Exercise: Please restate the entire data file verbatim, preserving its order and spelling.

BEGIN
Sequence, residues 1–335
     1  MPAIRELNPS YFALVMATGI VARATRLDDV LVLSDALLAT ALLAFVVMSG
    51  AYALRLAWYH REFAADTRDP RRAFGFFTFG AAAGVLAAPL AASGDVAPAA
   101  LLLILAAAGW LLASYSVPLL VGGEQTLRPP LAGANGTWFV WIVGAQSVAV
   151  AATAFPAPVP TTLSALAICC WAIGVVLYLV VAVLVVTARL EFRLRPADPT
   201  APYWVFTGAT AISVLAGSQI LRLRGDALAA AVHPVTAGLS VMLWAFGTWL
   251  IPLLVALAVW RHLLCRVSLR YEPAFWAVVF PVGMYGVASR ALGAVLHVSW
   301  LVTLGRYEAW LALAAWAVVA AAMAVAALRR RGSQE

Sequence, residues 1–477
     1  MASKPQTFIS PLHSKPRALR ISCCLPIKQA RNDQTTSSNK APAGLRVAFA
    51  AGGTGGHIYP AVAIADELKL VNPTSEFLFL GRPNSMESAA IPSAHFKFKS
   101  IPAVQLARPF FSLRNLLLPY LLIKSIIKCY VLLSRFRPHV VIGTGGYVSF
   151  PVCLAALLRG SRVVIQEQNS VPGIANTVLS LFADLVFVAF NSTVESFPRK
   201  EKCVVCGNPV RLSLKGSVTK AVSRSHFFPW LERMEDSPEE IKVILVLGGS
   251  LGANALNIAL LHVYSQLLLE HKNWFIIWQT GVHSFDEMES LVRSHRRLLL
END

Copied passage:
Sequence, residues 1–335
     1  MPAIRELNPS YFALVMATGI VARATRLDDV LVLSDALLAT ALLAFVVMSG
    51  AYALRLAWYH REFAADTRDP RRAFGFFTFG AAAGVLAAPL AASGDVAPAA
   101  LLLILAAAGW LLASYSVPLL VGGEQTLRPP LAGANGTWFV WIVGAQSVAV
   151  AATAFPAPVP TTLSALAICC WAIGVVLYLV VAVLVVTARL EFRLRPADPT
   201  APYWVFTGAT AISVLAGSQI LRLRGDALAA AVHPVTAGLS VMLWAFGTWL
   251  IPLLVALAVW RHLLCRVSLR YEPAFWAVVF PVGMYGVASR ALGAVLHVSW
   301  LVTLGRYEAW LALAAWAVVA AAMAVAALRR RGSQE

Sequence, residues 1–477
     1  MASKPQTFIS PLHSKPRALR ISCCLPIKQA RNDQTTSSNK APAGLRVAFA
    51  AGGTGGHIYP AVAIADELKL VNPTSEFLFL GRPNSMESAA IPSAHFKFKS
   101  IPAVQLARPF FSLRNLLLPY LLIKSIIKCY VLLSRFRPHV VIGTGGYVSF
   151  PVCLAALLRG SRVVIQEQNS VPGIANTVLS LFADLVFVAF NSTVESFPRK
   201  EKCVVCGNPV RLSLKGSVTK AVSRSHFFPW LERMEDSPEE IKVILVLGGS
   251  LGANALNIAL LHVYSQLLLE HKNWFIIWQT GVHSFDEMES LVRSHRRLLL